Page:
Can You Get an STD From Oral Sex?

Can You Get an STD From Oral Sex?

Sexually transmitted infections are a common part of engaging in any kind of sexual activity. Many of us learn we can reduce our risk and protect ourselves by using condoms during vaginal and anal sex, but what about during oral sex? We teamed up with our friends at Wisp to get you the facts!

Can STDs spread during oral sex?

In one survey by the Guttmacher Institute, out of 599 respondents, 26% of them didn’t know that STDs can be transmitted via oral sex. In fact, there are a number of infections that can be transmitted during oral sex, and they can be passed back and forth between the genitals or anus and the mouth. A person with an oral STI can often pass it to someone’s genitals, and vice versa. It’s also possible to have an oral STI and a genital STI at the same time. 

The mouth, genitals, and rectum are all lined with mucous membranes—soft, moist tissue that is often more vulnerable to infection than the skin on other parts of your body. Andrea Sleeth, Women’s Health Nurse Practitioner, explains, “Due to the permeability of the vaginal mucosa, women and individuals with vaginas are more susceptible to STIs compared to penile transmission, where infectious agents encounter fewer barriers for entry.” 


This is one reason that women are often more vulnerable to STIs than men—vaginas have a higher exposed surface area of mucous membranes compared to penises, which provides more opportunity for viruses and bacteria to transmit.

Which STDs can spread from oral sex?

The following infections can be transmitted via oral sex:

  • Chlamydia
  • Gonorrhea
  • Ureaplasma
  • Mycoplasma
  • Syphilis
  • Herpes
  • HPV
  • HIV (the risk is believed to be low, and lower than the risks from vaginal or anal sex)
  • Trichomoniasis (few reported cases of transmission via oral sex)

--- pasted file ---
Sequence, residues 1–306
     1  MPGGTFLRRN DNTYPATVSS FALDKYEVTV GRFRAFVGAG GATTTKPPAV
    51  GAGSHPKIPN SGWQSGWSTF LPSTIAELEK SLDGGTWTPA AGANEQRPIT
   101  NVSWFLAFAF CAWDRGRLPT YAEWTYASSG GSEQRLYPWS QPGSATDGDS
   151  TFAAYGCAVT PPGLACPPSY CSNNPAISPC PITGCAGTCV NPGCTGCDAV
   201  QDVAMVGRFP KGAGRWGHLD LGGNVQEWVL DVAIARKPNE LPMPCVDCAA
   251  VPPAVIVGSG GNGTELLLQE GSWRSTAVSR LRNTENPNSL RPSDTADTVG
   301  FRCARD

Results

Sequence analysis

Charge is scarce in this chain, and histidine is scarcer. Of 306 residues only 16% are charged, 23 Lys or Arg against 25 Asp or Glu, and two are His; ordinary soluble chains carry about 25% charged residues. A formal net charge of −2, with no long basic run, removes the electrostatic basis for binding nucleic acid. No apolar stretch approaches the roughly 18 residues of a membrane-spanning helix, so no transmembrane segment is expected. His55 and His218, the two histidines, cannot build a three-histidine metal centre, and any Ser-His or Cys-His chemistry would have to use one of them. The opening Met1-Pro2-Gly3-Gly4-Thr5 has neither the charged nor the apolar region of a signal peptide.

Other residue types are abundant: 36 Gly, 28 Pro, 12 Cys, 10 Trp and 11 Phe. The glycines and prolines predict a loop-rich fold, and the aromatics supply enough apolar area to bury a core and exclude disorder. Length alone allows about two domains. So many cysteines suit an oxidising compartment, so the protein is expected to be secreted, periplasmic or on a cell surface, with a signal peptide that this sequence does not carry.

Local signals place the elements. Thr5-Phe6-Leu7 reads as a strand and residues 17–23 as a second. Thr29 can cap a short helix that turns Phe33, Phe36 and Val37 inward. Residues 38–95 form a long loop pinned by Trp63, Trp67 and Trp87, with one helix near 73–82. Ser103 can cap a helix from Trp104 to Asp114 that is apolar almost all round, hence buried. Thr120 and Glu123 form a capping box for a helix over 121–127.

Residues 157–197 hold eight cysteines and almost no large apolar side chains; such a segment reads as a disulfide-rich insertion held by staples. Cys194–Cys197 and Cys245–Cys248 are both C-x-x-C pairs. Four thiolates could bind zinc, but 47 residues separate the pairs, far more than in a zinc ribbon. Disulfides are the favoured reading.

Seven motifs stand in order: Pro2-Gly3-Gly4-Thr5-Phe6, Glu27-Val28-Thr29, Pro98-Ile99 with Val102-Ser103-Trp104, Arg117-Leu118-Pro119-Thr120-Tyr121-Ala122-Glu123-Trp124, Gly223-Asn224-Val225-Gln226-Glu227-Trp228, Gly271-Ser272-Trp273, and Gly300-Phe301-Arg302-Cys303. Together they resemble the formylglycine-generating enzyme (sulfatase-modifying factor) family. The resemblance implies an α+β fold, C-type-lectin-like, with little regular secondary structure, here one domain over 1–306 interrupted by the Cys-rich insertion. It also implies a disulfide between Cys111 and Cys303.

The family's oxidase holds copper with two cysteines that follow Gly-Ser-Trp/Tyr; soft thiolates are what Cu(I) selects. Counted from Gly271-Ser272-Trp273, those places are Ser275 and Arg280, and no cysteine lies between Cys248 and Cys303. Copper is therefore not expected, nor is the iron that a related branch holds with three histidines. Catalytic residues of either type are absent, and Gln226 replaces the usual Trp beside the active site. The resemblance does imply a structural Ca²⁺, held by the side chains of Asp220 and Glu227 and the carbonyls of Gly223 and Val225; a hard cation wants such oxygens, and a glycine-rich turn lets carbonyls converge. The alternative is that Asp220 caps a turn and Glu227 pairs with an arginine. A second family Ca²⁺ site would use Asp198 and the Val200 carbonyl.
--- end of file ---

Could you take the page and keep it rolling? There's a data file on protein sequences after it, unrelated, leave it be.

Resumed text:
It’s important to remember that although STIs from oral sex are common, their risk level varies and there are steps you can take to protect yourself and your partners during oral sex!

A note about herpes


Although many people think of HSV-1 as exclusively an oral infection (cold sores) and HSV-2 as exclusively genital, it’s entirely possible to have an oral HSV-2 infection or a genital HSV-1 infection. In fact, about 85% of new genital herpes infections occur from oral sex. Part of the reason for that may be because fewer children are exposed to HSV-1 due to new counseling practices between doctors and new parents—it’s more likely now that a person’s first encounter with HSV-1 will occur during oral sex, rather than during childhood from kissing a relative, for example. Both HSV-1 and HSV-2 continue to be extremely common and  can be treated with prescription antivirals.

Is oral sex safer than vaginal or anal sex?

It’s difficult to compare the relative safety of oral sex to other types of sex for two main reasons:

  • Most people who have oral sex also have vaginal or anal sex.
  • Few studies look at the risks of getting STDs, other than HIV, from giving oral sex on the vagina or anus, compared to the penis.

There is always a certain level of STI risk when engaging in sexual activity with others. The best way to manage your own personal sexual risk is to educate yourself on different STIs and decide what activities you’re comfortable with based on the level of risk you’re comfortable with. The pleasure you get out of certain activities should be balanced against your comfort level with the health risks.

Can you get throat cancer from oral sex?